No On Healthcare Is Of Little Help To Vulnerable Dems

As I have done before, I decided to look at a couple polls outside of Mississippi and tried to draw conclusions on what- if anything- this could mean in the Magnolia State, especially the First District.

I actually want to call your attention to three separate polls from Public Policy Polling, although they are all related and drive home the same point. What the polls have shown is that if voters in specific districts or on a statewide basis dislike the new healthcare legislation, they are just as likely to oppose the Democratic candidate whether he voted for or against the measure.

Here is what I mean. NC-02 is represented by Bob Etheridge and the district carries a Cook PVI of R+2 (so marginally Republican). When voters were asked, 47 percent said they would be less likely to vote for the Democrat this fall if he supports the healthcare bill. But at the same time, 47 percent said they would be less likely to vote for him if the Democrats pass the bill, regardless of his vote.

Same story in NC-11. It is represented by Heath Schuler and is a little more Republican leaning at R+6. 51 percent of voters would be less likely to vote for Schuler if he supported the bill. And 46 percent would be less likely to support the Democrat regardless of his final vote if the bill passed (both questions were asked before the bills passage).

Here is some quick math on the election. I am estimating 160,000 voters this fall (133,000 in 2002, 144,000 in 2006). I am also using rough estimates to put opposition to the bill at 65-35 in the district. That would mean about 104,000 of those voters oppose the bill; while 56,000 support it. Of those 56,000, Childers will win most of them but let’s give him 54,000 of those votes (96 percent). That would mean he needs to win approximately 25 percent of the healthcare opponents. That would be about 26,000 votes and put him right around 80,000 total votes.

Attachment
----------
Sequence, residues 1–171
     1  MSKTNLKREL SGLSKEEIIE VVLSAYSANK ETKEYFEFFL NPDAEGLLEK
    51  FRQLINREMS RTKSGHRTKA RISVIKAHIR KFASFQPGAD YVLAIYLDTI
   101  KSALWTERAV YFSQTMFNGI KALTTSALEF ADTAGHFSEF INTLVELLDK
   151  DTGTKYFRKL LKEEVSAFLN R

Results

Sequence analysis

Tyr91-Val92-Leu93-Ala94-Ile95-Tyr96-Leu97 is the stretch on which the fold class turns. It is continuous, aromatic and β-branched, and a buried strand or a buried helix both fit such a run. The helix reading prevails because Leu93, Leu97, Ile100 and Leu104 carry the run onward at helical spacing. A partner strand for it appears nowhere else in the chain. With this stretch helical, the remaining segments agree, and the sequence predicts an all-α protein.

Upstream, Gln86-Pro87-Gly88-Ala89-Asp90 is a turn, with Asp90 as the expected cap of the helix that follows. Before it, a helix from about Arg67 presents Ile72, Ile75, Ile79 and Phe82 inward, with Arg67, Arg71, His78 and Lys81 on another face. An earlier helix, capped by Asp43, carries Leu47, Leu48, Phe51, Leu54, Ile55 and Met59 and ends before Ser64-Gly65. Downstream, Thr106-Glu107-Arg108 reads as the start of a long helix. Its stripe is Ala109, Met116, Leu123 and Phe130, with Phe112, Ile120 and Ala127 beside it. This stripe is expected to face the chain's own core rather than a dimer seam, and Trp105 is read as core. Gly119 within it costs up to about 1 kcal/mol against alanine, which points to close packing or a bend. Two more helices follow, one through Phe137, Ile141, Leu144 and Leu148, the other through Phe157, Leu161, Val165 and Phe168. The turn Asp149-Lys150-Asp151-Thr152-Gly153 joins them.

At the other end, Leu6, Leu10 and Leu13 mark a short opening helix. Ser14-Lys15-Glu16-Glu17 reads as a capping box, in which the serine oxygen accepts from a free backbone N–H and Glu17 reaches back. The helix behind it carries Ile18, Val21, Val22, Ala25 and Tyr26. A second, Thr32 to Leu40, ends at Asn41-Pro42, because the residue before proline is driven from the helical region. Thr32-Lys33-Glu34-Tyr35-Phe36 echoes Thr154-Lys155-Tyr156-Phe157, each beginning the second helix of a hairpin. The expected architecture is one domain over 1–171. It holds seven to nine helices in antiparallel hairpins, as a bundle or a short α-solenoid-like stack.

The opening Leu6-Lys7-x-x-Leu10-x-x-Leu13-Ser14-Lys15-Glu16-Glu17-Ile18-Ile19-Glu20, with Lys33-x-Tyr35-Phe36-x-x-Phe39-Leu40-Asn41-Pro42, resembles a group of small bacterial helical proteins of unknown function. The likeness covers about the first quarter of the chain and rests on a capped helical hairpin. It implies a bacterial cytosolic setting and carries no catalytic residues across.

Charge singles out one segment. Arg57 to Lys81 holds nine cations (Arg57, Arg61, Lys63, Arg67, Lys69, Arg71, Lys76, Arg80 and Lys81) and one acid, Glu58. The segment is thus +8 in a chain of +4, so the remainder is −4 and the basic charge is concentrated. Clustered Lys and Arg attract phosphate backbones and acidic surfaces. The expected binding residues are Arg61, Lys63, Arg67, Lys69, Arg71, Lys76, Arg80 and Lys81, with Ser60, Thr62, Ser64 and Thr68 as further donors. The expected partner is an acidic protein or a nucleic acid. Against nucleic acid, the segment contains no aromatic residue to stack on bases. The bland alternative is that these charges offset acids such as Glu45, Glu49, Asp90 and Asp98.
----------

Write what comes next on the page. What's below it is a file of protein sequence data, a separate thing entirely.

Can Childers do that? He obviously had plenty of crossover appeal before but didn’t have the healthcare cloud hanging over his head in 2008. Also, there are a lot of variables at play. Healthcare opponents are more motivated to vote right now. Advantage Republicans. African-American vote was down significantly in 2009 gubernatorial elections compared to 2008. Advantage Republicans. The bills supporters may decide not to bother voting for someone who opposed the bill. Advantage Republicans.

Bottom line: Childers is going to need to win at least 25-30 percent of the vote from healthcare reform opponents in all likelihood to win re-election this fall.

Majority in Miss.
3/31/10